The Wildlife Conservation Society (WCS) announced that two tiger poachers arrested last July in Thailand have received up to five years in prison.
After a lengthy trial, the two poachers were found guilty on February 19, 2012 and given stiff jail sentences. One poacher, a Thai Hmong was given a five-year sentence, while the second, a Vietnamese citizen, was given a four-year sentence. These are the most severe punishments for wildlife poaching ever given in Thailand.
The case gained international attention last year when a cell phone confiscated by authorities contained photos of a dead tiger whose striping pattern matched an animal being tracked by WCS conservationists in Thailand’s Western Forest Complex.
Tiger stripes are unique to individual animals and serve as a visual thumbprint. The poachers had alleged the tiger was shot in neighboring Myanmar, but the matched striping pattern proved otherwise.
The sentences are the latest achievement of an ongoing operation known as the SMART patrol, a systematic, evidence-based adaptive management program designed to increase monitoring and enforcement in areas important to conservation.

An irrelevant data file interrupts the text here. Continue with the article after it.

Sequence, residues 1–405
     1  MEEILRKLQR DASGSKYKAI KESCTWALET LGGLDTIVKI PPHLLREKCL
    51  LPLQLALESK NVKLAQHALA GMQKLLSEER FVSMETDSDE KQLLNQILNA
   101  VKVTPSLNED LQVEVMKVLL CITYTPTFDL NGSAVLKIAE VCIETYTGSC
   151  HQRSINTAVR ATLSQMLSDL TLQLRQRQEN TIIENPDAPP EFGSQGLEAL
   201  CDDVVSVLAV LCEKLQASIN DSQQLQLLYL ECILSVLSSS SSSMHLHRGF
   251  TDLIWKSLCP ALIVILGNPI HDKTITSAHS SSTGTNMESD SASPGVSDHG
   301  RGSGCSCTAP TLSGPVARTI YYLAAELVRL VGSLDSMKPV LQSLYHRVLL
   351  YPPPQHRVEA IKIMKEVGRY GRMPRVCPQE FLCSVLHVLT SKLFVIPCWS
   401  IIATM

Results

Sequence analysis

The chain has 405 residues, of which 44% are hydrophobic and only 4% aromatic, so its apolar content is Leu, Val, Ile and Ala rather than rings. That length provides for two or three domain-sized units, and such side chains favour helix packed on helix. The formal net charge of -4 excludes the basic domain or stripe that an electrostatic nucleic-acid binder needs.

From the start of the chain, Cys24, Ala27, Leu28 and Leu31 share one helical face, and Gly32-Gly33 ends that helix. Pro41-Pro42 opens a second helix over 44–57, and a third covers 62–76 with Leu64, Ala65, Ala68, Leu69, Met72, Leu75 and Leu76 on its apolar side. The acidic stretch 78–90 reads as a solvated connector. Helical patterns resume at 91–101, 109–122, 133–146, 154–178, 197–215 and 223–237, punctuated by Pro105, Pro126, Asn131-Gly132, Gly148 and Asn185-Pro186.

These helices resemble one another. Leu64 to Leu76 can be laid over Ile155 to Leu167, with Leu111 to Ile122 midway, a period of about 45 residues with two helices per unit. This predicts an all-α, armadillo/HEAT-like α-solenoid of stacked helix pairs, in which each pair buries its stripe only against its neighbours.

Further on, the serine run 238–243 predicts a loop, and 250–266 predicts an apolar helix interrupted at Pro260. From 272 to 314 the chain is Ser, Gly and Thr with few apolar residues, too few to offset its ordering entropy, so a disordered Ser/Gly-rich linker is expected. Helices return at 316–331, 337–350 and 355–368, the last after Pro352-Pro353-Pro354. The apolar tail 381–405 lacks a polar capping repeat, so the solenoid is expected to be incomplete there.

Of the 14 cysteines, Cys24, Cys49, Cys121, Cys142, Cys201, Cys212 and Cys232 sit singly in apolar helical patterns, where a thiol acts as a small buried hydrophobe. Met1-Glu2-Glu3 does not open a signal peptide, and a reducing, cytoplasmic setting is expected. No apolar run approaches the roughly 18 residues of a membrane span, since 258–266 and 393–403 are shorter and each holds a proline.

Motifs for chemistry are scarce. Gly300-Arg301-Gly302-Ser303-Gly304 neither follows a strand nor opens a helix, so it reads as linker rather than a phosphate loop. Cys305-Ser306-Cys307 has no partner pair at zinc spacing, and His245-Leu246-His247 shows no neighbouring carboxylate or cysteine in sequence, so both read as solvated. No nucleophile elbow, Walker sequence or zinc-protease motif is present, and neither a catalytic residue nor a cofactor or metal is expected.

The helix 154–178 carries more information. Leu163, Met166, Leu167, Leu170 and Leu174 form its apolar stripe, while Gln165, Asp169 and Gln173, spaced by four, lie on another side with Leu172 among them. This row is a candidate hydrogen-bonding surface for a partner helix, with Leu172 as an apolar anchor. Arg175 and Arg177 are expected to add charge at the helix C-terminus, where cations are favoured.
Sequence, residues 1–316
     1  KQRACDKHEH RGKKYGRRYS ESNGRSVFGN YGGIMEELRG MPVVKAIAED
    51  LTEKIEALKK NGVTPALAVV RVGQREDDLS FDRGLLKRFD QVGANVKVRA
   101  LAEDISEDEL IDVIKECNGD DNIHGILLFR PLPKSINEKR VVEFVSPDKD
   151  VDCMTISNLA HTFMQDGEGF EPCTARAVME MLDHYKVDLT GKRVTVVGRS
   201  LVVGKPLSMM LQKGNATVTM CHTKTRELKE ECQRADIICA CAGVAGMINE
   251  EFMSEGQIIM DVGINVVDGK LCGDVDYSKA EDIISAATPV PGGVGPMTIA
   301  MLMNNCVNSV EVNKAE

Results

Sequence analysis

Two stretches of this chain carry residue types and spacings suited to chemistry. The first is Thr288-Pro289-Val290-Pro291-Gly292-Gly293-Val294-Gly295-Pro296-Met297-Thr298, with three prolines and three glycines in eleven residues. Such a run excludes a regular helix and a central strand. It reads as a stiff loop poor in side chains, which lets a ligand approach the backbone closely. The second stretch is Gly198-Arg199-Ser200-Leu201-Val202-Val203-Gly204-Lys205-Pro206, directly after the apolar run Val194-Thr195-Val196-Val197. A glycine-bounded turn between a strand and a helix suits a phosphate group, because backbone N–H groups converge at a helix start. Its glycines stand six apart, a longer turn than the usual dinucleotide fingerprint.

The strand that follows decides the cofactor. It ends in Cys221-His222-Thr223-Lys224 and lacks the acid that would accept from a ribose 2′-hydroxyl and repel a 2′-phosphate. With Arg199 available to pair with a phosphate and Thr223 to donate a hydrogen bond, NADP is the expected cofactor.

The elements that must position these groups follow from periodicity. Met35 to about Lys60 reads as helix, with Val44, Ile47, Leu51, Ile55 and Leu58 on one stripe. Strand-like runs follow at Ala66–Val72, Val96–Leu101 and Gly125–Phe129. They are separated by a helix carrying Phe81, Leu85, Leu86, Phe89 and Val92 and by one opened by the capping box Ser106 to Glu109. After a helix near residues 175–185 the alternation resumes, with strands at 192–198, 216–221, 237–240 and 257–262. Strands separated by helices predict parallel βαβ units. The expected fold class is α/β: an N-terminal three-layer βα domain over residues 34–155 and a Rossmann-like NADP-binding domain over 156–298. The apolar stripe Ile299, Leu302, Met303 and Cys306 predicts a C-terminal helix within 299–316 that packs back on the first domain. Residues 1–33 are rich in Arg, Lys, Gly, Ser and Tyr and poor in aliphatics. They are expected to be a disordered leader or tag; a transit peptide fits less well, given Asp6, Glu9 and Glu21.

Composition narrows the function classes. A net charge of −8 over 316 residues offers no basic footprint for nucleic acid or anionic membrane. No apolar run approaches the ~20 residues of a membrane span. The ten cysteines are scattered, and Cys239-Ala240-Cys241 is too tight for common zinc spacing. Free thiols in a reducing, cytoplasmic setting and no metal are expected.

“The jail sentences show that Thailand is serious about stopping poaching of its wildlife,” said Joe Walston, WCS Executive Director for Asia Programs. “WCS commends the dedicated park guards and enforcement personnel who made this conviction a reality.”
Thailand serves as a training ground for guards from other Asian countries seeking to protect their own resources. WCS collaborates with the Thailand government in the training of enforcement staff from China, Nepal, India, Myanmar, Bhutan, Cambodia, Laos, Malaysia, and Indonesia.
Last December, WCS released incredible camera trap video footage of a rich gallery of wildlife from the forests of Thailand confirming that anti-poaching efforts in that country are paying off.
WCS work in Thailand is supported by the Multinational Species Conservation Funds of the U.S. Fish and Wildlife Service, the U.S. Department of State, Liz Claiborne and Art Ortenberg Foundation, National Fish and Wildlife Foundation’s Save the Tiger Fund, Disney Worldwide Conservation Fund, The Cattail Fund, and other private donors.